Zoe Jordan’s 30s-inspired homage to society girl Edith Bouvier Beale proved deliciously eccentric in its subtle interwar references: think smoking clubs and martinis, picnics and cricket games, and garments named ‘Chatsworth’ and ‘Blenheim’.
Cashmere cricket knits slung over diaphanous dresses, smoking jackets paired with fluid maxis, headscarves and Hardwick tweed — all spoke of polished ease.
Season-expectant silks, chiffon and lace found uncommon friends in tweed and butter soft suede; with sequins and cut-out details adding feminine frisson.
As for colours, complexion-perfect tones such as ginger, rose gold, silver and olive spelt utter radiance — a total boon for Irish skin.
High society received another runway reveal at Jaeger — this time with the jet set of the late 60s/early 70s. Reworked vintage Jaeger sunglasses, wide-brim lacquered colonial hats, binocular case bags and vertiginous espadrilles spoke of far-flung destinations like Mustique; while spicy tones and summer tweed reworked traditional expectations of the season.
As for trends spotted, think sheer overlays on everything from skirts to shorts and trousers.
John Rocha stayed true to his endearing love of texture, structure and form with a breathtaking collection — high on craftsmanship and eclectic references. A trip to the Amazon underscored the romantic runway edit, where our Irish-adopted son saw Indians using raw materials like leaves and wood bark to make clothes. “I thought it would be great to do something organic,” tells Rocha, “something that is really close to what I believe in and will hopefully make people more aware of the Amazon.”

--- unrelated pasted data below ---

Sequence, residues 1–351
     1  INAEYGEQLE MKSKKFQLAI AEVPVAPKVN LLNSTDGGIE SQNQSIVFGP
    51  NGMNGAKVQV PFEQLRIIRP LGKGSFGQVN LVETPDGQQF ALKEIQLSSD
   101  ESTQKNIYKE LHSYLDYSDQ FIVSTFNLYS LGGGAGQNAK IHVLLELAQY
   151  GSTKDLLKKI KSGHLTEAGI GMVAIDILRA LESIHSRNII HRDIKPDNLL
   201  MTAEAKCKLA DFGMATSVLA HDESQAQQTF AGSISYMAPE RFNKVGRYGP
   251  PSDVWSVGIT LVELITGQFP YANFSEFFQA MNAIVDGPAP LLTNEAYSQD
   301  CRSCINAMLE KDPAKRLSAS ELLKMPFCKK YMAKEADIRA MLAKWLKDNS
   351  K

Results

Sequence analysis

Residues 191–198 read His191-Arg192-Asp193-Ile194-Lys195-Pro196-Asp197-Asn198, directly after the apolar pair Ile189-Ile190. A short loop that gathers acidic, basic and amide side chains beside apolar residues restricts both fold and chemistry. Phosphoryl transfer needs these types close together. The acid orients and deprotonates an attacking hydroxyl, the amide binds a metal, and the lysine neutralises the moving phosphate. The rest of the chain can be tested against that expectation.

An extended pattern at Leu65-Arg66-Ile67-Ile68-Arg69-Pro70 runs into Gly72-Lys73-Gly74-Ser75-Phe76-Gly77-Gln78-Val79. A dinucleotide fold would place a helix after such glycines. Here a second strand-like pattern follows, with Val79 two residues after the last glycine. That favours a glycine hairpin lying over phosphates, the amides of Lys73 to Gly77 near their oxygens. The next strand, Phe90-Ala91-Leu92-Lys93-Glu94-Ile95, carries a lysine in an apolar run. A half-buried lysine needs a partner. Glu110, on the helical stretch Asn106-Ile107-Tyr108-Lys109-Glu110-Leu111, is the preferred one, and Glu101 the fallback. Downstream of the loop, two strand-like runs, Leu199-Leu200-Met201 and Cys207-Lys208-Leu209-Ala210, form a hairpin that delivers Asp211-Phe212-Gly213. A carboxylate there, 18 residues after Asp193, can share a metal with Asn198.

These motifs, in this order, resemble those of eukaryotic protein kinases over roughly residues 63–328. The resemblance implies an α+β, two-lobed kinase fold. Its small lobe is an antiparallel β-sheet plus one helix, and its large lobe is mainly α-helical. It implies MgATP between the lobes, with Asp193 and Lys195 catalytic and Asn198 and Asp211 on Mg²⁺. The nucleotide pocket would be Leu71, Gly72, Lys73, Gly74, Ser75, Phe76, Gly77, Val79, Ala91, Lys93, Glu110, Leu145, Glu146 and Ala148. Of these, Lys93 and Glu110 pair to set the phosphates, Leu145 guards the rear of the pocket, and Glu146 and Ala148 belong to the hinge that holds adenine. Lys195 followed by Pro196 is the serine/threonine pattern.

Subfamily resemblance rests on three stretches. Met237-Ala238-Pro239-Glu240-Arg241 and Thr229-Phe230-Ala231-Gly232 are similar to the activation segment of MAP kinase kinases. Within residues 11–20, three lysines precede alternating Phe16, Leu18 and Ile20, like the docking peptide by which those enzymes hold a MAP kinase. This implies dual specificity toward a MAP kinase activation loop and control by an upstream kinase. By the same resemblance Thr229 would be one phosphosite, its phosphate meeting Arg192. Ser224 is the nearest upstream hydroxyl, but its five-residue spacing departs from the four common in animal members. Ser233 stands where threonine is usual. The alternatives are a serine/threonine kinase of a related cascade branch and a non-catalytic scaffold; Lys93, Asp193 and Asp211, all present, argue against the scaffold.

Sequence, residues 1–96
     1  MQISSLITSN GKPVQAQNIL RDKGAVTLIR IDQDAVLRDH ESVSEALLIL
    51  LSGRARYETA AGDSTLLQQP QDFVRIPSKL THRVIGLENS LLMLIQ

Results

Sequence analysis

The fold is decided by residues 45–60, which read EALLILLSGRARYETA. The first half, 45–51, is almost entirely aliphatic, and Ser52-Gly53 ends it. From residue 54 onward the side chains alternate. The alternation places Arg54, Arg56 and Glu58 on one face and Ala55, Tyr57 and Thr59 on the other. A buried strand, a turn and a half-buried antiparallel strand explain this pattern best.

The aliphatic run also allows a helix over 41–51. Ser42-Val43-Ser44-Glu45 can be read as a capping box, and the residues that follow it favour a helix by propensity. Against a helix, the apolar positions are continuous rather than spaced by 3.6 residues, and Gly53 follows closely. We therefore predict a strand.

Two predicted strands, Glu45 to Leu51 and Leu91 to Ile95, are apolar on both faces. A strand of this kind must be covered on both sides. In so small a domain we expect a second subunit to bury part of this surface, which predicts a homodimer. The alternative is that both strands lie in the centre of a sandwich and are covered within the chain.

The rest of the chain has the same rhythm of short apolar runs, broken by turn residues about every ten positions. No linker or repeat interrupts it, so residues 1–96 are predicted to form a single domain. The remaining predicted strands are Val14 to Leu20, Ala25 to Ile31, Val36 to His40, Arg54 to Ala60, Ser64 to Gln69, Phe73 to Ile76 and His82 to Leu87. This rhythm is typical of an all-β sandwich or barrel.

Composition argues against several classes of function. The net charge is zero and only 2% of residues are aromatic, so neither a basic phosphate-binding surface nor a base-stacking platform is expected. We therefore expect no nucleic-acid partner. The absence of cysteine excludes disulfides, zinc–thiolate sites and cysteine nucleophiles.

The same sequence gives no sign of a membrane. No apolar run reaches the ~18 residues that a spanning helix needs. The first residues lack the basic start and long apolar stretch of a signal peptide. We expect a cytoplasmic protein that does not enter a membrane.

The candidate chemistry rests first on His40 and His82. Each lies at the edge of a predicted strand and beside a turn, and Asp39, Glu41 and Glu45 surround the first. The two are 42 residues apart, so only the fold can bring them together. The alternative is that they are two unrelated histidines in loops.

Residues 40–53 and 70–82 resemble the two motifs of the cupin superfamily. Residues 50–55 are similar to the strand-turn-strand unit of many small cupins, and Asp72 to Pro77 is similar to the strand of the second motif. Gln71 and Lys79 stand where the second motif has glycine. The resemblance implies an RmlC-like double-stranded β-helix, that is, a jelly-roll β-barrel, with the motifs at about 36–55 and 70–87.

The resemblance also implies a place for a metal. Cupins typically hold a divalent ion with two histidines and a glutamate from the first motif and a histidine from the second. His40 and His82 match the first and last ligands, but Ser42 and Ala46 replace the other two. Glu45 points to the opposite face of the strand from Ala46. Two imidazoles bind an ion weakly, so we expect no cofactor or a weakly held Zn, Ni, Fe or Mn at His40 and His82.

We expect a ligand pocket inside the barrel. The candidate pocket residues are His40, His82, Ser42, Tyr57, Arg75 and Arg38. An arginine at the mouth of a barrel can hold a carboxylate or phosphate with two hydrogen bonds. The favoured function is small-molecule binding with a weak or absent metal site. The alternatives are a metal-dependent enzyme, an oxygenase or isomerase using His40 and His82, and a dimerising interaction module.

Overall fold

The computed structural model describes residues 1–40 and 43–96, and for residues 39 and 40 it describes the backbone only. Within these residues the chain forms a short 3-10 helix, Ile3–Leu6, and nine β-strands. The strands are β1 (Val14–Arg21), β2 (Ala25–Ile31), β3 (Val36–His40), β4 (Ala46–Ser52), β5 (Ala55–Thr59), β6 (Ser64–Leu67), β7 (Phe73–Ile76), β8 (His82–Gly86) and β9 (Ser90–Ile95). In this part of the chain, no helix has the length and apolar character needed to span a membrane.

Hand-tucked raffia and leather ruffles covered shoes and hemlines; while patchwork crochet married itself with softly pleated asymmetry in elongated skirts and trousers. Wire headpieces made evanescent the hauntingly monochrome cavalcade — yet another big win for Irish in the high-fashion stakes.
Clearly this talent gene runs in the family, as daughter Simone Rocha unveiled her third collection to a packed salon audience at Portland Place. Irish model Danielle Winkworth opened the show — a collection of 20 looks anchored in black and white with shots of hot green and pink. A mistress of fabric manipulation, Ms Rocha played with sheer panelling and overlays on classic shirt fronts, adding plastic collars and treated lace skirts — challenging the traditional masculine/feminine interplay. Her signature perspex-heeled floating brogues — this time in summer leather and plastic — made many of us write our Santa lists that little bit earlier this year. One to watch without doubt.
As for the celebrity headcount, the hotspot had to be the Topshop Unique show where Anna Wintour’s bob and Naomi Campbell both made an appearance amongst a gaggle of familiar front-row faces.
But the real award goes to our own designers. The future of Irish fashion shines brightly; and deservedly so.